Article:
Split contrast filtering

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Robert

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Lets see if I understand this.

Step #1 Do a test print with the #389 green filter.
Step #2 pick the time on the print that looks best
Step #3 expose the whole print to the time from step #2
Step #4 Now use the #68 filter
Step #5 Pick the best time and use that to make up the print.

Am I right? I'm ignoring anything like the need to dodge/burn. Lets assume my negative is magically perfect-)).
 

lee

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I would use a Green #58 and a Blue #47 and I would do the blue first. Look for the first hint of black and use that for your blue filter time. You can always correct. Then do the green. Look at the highlight for this test. But yes, that is the sequence.

lee\c
 

Les McLean

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The filters suggested by Lee will give you the best result but I would suggest that you start with the green filter to establish the correct exposure for the highlight and do the blue filter second to determine the contrast and tonality for the whole print. If you start the blue you will see a contrast in the testthat is not possible to maintain for as soon as you lay soft filtration on you will reduce the contrast. I prefer this way for I think of it as building the contrast. Perhaps the best appraoch would be to try both ways to see which works best for you for neither is wrong.
 
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Robert

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I do have a #47 and a #58 but they are only 3"x3" too small for the enlarger. I guess I could use them under the lens but the last time I tried that it seems not the best solution. How much of a problem will the Roscoe filters cause me?
 
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Robert

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I did it this morning. The process seems great. Much easier then me trying to figure out what the "right" contrast filter would be. The thing that surpised me was just how much light the filters passed. To my eye the filters pass very little light the paper on the other hand had no problem. I started out with a longer then normal test print figuring I'd need it but turned out it wasn't needed.
 

magic823

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What would I use on a Saunders 4550XLG VCCE Enlarger (since you change set filter grades using a dial)?
 

Donald Miller

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What I do on my 4550 is to use a low contrast (grade one) setting to do a test strip to determine the highlight tonality. Then I do a second test strip by exposing a second sheet of paper with the high value (low contrast) time followed by a second test strip on that same piece of paper at a grade five setting to determine low value times.

The actual printing then becomes X seconds at grade one followed by X seconds at grade five.

The burning and dodging will then be determined by the tonal range and the contrast grade at which it was printed.
 

Jeremy

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Is this easily accomplished using a color head? Maybe using all the way yellow and then with magenta cranked up? For some reason I feel like I should know the answer to this question and feel dumb asking, but how else am I going to learn.
 

Donald Miller

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Jeremy,
I have not used a conventional dichroic head for this purpose but it is my understanding that yellow filtration would be used for the low contrast and magenta for the high contrast.
 

Les McLean

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Robert,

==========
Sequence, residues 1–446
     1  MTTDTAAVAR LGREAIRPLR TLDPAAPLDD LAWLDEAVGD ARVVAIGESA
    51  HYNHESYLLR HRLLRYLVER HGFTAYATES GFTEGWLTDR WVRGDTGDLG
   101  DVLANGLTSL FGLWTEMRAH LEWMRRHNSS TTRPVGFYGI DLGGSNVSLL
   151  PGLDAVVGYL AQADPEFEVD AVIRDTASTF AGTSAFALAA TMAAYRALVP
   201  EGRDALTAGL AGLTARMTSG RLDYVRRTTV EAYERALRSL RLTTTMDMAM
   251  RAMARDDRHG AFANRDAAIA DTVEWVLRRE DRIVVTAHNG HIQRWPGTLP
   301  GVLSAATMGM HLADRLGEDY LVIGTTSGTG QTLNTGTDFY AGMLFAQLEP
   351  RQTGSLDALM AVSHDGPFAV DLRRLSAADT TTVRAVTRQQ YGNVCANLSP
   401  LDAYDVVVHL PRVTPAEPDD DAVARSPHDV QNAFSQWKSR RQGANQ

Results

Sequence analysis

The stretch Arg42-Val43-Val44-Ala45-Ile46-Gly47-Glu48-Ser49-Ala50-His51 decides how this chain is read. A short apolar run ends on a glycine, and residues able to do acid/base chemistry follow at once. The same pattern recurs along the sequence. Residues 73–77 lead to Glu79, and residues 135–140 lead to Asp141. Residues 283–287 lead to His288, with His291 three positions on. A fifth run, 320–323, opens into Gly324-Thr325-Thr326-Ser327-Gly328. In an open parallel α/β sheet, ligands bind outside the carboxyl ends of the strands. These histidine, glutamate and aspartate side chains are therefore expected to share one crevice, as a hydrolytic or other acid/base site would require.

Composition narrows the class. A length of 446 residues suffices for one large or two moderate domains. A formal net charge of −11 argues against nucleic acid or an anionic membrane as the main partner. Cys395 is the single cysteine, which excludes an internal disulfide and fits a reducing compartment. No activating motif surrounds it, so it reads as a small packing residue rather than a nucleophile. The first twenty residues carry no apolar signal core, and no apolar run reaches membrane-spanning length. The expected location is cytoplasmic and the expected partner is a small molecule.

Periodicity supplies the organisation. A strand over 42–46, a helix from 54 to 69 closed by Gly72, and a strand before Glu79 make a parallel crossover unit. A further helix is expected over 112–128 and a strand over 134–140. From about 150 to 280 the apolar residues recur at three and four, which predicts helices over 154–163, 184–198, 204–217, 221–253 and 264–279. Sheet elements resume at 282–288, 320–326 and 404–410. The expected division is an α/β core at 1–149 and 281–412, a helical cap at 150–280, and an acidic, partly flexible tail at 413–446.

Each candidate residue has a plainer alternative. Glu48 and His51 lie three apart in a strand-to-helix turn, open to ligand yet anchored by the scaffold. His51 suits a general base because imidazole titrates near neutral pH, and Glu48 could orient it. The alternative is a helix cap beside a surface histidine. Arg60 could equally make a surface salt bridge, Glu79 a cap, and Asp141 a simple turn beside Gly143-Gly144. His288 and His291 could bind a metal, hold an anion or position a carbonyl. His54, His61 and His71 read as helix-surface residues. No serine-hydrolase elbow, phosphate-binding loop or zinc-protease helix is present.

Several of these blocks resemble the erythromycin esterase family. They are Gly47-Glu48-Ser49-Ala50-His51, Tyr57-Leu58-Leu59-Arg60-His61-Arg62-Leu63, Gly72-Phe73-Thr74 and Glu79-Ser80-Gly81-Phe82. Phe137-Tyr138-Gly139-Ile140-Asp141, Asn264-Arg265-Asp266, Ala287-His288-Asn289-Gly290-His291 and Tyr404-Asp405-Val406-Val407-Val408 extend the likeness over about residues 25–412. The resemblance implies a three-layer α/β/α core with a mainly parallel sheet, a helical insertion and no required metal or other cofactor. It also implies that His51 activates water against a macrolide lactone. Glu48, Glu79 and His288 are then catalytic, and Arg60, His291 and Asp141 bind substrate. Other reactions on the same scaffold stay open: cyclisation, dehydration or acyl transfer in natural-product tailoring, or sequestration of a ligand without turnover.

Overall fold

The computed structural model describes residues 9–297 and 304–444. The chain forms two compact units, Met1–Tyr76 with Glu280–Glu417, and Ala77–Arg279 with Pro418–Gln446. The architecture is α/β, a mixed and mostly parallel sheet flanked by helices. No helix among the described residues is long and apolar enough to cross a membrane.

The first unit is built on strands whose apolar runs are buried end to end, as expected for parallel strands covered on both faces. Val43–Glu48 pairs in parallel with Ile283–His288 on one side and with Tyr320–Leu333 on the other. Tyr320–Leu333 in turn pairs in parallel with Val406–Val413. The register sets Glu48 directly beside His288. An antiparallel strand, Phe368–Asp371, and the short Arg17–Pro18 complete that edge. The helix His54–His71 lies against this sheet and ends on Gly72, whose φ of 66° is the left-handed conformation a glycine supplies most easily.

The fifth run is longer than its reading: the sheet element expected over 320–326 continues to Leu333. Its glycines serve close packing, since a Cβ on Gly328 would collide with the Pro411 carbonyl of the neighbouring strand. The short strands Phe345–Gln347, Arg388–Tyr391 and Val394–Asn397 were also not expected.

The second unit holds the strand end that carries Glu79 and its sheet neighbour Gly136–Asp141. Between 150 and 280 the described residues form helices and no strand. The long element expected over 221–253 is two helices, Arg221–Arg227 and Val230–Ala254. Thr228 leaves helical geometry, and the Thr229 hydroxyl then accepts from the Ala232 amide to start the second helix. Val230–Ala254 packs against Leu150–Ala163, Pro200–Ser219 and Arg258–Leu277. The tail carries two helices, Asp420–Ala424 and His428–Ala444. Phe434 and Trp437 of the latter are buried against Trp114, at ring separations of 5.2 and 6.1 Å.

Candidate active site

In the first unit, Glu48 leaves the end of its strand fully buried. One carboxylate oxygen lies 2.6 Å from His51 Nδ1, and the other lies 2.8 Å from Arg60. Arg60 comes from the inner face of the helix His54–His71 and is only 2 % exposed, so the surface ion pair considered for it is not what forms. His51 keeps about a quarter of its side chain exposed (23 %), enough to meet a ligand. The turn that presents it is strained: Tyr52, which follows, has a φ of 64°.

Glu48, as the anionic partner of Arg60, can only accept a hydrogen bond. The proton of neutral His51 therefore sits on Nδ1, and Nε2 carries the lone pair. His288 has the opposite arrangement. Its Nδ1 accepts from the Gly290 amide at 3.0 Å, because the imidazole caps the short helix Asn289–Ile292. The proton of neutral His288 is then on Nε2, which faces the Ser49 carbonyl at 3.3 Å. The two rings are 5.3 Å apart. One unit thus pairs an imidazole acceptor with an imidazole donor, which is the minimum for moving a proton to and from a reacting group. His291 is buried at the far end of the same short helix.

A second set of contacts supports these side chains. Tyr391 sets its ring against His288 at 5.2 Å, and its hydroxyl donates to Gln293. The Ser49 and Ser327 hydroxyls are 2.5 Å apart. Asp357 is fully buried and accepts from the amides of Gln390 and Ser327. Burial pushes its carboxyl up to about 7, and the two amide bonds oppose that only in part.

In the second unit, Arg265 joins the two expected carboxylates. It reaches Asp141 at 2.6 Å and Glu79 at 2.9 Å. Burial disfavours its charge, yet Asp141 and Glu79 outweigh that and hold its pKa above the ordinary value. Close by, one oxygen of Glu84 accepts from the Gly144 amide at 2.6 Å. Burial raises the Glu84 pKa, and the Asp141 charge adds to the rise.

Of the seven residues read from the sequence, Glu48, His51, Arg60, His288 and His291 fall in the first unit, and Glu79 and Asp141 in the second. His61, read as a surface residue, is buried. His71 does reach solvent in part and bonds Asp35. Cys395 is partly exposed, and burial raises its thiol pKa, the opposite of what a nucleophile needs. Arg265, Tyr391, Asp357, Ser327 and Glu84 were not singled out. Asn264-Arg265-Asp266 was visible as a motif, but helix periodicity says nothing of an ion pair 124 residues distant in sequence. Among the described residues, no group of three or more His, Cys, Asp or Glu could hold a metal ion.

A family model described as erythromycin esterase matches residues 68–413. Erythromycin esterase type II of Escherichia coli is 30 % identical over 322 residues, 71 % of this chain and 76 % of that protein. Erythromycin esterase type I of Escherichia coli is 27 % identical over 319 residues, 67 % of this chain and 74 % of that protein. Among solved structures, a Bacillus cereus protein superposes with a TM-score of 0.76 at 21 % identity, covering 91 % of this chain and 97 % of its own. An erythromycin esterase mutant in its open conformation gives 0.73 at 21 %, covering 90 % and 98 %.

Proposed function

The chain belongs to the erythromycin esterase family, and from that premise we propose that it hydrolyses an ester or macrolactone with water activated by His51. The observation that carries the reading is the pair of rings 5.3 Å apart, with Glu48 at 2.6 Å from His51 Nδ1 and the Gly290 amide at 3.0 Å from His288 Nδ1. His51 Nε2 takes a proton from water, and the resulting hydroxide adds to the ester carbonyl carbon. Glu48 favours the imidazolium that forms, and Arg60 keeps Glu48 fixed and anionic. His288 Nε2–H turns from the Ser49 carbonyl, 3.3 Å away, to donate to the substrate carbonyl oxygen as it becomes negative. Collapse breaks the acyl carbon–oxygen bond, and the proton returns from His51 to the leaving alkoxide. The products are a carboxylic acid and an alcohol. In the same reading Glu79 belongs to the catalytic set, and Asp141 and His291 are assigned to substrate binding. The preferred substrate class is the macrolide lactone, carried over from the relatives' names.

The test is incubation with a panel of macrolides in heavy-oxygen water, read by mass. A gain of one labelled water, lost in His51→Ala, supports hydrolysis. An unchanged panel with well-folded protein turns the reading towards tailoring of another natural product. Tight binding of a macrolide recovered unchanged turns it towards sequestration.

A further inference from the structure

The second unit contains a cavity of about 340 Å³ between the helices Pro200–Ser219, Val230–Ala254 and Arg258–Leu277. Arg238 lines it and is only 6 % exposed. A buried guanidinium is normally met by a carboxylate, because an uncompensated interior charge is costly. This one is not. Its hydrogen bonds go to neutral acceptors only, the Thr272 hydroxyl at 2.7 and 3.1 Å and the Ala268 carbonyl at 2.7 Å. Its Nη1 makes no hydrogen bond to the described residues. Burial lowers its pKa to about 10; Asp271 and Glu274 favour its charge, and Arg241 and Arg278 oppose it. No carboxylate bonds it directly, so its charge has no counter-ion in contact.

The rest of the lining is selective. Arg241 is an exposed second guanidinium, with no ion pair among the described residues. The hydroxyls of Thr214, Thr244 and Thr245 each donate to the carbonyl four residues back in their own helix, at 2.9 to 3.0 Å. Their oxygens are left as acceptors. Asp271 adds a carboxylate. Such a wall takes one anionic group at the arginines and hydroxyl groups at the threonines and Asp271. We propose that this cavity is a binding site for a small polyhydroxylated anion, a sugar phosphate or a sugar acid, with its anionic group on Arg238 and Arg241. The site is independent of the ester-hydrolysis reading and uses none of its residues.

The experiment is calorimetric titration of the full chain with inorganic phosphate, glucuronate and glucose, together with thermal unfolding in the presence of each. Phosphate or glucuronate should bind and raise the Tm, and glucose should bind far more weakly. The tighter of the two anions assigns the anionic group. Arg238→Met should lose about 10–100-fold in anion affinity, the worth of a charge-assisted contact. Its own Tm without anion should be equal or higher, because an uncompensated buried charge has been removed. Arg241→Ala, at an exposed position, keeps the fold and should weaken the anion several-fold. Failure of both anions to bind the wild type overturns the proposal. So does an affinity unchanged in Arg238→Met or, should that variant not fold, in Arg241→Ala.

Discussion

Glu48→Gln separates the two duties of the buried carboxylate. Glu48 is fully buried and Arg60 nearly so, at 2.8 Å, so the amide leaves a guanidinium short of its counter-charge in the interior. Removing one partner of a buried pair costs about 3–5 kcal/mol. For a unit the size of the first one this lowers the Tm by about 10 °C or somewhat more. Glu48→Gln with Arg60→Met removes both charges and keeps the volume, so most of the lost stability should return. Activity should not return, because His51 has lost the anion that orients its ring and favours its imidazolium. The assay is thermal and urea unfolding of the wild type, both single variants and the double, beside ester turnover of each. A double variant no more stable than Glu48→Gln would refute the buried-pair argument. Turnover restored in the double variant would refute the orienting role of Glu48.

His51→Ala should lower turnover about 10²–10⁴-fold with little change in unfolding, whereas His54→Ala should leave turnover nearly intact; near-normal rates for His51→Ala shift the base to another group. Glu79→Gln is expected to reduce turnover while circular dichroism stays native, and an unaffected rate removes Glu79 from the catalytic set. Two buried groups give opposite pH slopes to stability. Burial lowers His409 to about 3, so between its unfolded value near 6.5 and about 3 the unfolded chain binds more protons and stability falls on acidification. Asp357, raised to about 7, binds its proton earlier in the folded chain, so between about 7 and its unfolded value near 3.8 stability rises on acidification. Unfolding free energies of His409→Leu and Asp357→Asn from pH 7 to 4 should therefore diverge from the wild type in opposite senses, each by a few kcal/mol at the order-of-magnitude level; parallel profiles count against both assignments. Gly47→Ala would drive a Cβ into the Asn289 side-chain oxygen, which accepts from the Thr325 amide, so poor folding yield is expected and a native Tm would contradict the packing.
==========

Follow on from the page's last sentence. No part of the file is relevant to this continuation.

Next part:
Use maximum magenta for the hard filtration but don't use maximum yellow for the soft filtration, all that happens is that you add density giving a longer exposure but with no significant increase in the degree of softness achieved. I've used all sorts of different enlargers in the 10 years that I have used this method of split grade printing and found that about 70 yellow is the optimum filtration.
 

Jeremy

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Thanks, Les, I'll have to play around to find out what is best for me, but a starting point is always helpful!
 

Donald Miller

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On my Saunders 4550 VCCE it seems that the soft filtration is more nearly cyan then yellow. That makes sense since in additive color filtration of VC papers the colors used are blue and green. I think that Magenta is the subtractive of green and that Cyan is the subtractive of Yellow.
 

glbeas

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dnmilikan said:
On my Saunders 4550 VCCE it seems that the soft filtration is more nearly cyan then yellow. That makes sense since in additive color filtration of VC papers the colors used are blue and green. I think that Magenta is the subtractive of green and that Cyan is the subtractive of Yellow.

Correction, cyan is the subtractive of red, blue is the subtractive of yellow.
 

Donald Miller

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Hmmm. On my color enlarger the filtration is Magenta, Cyan and Yellow. I know that from what the manufacturers state the colors to which the variable contrast black and white papers are sensitive are blue and green. I know that my 4550 VCCE uses magenta and another color that doesn't really appear (to my eye anyway) as yellow. Perhaps I am color blind. It must be yellow though from what you say. Thanks for the information.
 

lee

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Donald, if you use c and y together and add numbers you can reduce m. if you use c and m together and add numbers you can reduce y. maybe something like that is going on here. but glbeas is correct that cyan is the subtractive of red and yellow is the subtractive of blue and magenta is the subtractive of green. Are the colors wheels marked on the enlarger head? I would think that they should be. Just a thought.


lee\c
 

Donald Miller

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Lee,
Nope on the 4550 the only designation is paper grade. On my older Omega medium format dichroic the colors are marked as I had indicated earlier. I imagine that what you are indicating must be the way that Saunders approaches the filtration for their VCCE head. It has been years since I worked with color (about 20) my memory doesn't serve me well after that long.
 

baronfoxx

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I use a Leica V35 enlarger fitted with a Heiland dedicated splitgrade head, the two colours used are yellow and magenta.